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While the long hours of working in top-end investment banking can be a real learning experience for analysts, many of the greatest benefits are lost in the isolation of pandemic remote working.

CARLO ALLEGRI/Reuters

Deborah Yedlin is Chancellor of the University of Calgary and Scott Hutcheson is Chairman of Aspen Properties Ltd. They have been friends since 1987.

Long before laptops, smartphones and voicemail, we were junior investment bankers at Goldman Sachs (GS) in New York, from 1987-89. Two Canadian kids – one from Edmonton, Alta. and the other from Huntsville, Ont. – and neither from an Ivy League school. For us, getting a job at GS was like winning the lottery. Of 6,000 applicants for our cohort, 600 were interviewed and 65 selected.

We have read with great interest the response to the memo and presentation put to GS management about the working conditions for junior analysts.

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Let’s start by quoting the 19th-century French journalist Jean-Baptiste Karr: “Plus ça change, plus c’est la même chose.”

In other words, the more things change, the more they stay the same: and nothing much has changed in terms of the analyst workload and expectations since 1989 – which is when we each left Wall Street to pursue further studies. What’s different today – as it is for everyone else working remotely – is that the work is being done in isolation, without the opportunity for in-person mentorship, guidance and the camaraderie that happens in the wee hours of a project or deal. That is definitely a challenge. On the other hand, there is no gruelling travel schedule to deal with on top of the long hours.

Let’s be clear: We knew exactly what we were getting into – including being well-compensated. And it was what we wanted to do. We wanted to learn everything we could about finance at the best investment bank on Wall Street. And we did. We worked with some of the best and brightest on Wall Street, were involved in deals that were innovative and exciting. You could easily say those two years we worked at GS were the equivalent of getting an MBA in finance.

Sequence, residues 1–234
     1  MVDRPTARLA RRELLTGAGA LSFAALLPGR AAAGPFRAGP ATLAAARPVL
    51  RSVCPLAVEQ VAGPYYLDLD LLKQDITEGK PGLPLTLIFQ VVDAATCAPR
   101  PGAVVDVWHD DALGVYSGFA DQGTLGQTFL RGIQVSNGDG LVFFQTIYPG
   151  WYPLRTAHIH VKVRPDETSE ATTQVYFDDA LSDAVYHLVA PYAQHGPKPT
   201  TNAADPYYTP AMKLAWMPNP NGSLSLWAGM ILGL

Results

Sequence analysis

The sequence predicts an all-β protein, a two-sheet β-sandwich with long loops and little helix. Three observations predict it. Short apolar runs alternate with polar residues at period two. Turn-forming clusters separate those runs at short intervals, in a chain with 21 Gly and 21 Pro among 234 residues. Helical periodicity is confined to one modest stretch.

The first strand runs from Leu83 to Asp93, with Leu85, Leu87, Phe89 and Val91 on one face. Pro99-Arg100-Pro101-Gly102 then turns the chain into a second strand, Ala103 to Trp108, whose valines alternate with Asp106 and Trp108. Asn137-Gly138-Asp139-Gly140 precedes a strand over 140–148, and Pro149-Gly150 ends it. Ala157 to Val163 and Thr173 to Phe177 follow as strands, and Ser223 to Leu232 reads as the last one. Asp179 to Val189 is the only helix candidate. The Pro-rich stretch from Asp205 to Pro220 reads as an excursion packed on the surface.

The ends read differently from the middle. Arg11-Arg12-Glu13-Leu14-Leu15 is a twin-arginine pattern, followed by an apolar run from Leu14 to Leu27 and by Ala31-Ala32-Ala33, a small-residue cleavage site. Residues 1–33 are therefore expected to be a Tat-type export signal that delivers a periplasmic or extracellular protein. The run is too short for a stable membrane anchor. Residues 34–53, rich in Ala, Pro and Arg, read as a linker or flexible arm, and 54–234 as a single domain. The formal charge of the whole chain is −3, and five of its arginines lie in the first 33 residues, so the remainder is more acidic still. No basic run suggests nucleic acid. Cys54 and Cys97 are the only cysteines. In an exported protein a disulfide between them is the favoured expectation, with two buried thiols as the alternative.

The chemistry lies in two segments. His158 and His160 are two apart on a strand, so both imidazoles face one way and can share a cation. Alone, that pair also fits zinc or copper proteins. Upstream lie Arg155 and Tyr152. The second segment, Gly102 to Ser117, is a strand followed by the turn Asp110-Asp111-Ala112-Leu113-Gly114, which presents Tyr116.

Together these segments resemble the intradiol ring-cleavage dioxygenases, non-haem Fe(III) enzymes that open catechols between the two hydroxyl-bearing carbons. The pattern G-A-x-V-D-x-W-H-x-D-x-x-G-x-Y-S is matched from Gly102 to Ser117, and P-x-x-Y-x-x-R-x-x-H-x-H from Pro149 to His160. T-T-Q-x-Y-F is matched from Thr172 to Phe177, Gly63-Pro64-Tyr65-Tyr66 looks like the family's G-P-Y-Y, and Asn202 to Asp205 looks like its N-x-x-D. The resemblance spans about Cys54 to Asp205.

We had the privilege of being exposed to people like Bob Rubin and Hank Paulson, each of whom went on to become U.S. Treasury secretaries in the administrations of President Bill Clinton and George H.W. Bush, respectively; Fischer Black, one of the two minds behind the Black-Scholes option-pricing model; and Jon Corzine and Phil Murphy, who each have gone on to serve as elected officials.

It was an intense two years, largely because of the lack of connectivity – we were often in the office late at night and usually into the wee hours. An early night was catching the cab line outside 85 Broad Street – which was in place until 10 p.m. – instead of calling one later, after work had wrapped up. Weekends were not off-limits and we lost track of the all-nighters we pulled. Friday afternoons were often spent trying to avoid the dreaded 4 p.m. phone call from a vice-president in the mergers and acquisitions department who would ruin a weekend with a work assignment.

Quality of life? The cafeteria in the basement was decent and some of us had gym memberships – which we managed to use a reasonable amount, but probably not enough to justify the monthly cost. Others used the cinder track that circled the reservoir in Central Park – 1.5 miles around – and our support networks consisted of our colleagues, mentors and family (wherever they happened to be). It wasn’t more complicated – or fancier – than that.

We come from a different generation. That might explain some of the difference between the analysts of our years, and those of today. We were raised to be resilient and self-sufficient. There was nothing resembling helicopter parenting; we were taught to stand up for ourselves – and to figure things out. No one was hovering to make sure we wrote our essays or met deadlines.

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What we supposedly gave up in the two years of hard work and not much sleep, we gained in terms of a comprehensive understanding of how financial markets work – and don’t work. We were in the early part of our respective tenures when Black Monday hit Wall Street and haven’t forgotten the lessons learned from the analysis and explanations offered to us by the senior partners in the aftermath of that market meltdown.

Does investment banking need to change? Absolutely. It remains a segment of the financial services industry woefully lacking diversity in its ranks – right across the board, and especially in the upper levels. It was bad in the 1980s and meaningful change is not in evidence today. And we still hear stories of random deadlines – which we also experienced but are harder to manage in the 24/7-connected world – and the issues of pay equity and ever-elusive work-life balance have yet to be solved.

When we look back, there is no question our two years at GS were worth every long night and often-stressful days. Would we do it again? In a heartbeat. It was life-changing. The experiences, the knowledge and the friendships we have carried with us in the more than 30 years since we left, are priceless.

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